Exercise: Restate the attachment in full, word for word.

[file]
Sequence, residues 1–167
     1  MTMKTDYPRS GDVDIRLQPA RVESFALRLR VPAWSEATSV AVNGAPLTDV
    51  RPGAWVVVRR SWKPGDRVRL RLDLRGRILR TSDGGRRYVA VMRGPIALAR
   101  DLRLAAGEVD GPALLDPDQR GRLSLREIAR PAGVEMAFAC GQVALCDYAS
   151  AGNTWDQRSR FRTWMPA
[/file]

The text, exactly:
Sequence, residues 1–167
     1  MTMKTDYPRS GDVDIRLQPA RVESFALRLR VPAWSEATSV AVNGAPLTDV
    51  RPGAWVVVRR SWKPGDRVRL RLDLRGRILR TSDGGRRYVA VMRGPIALAR
   101  DLRLAAGEVD GPALLDPDQR GRLSLREIAR PAGVEMAFAC GQVALCDYAS
   151  AGNTWDQRSR FRTWMPA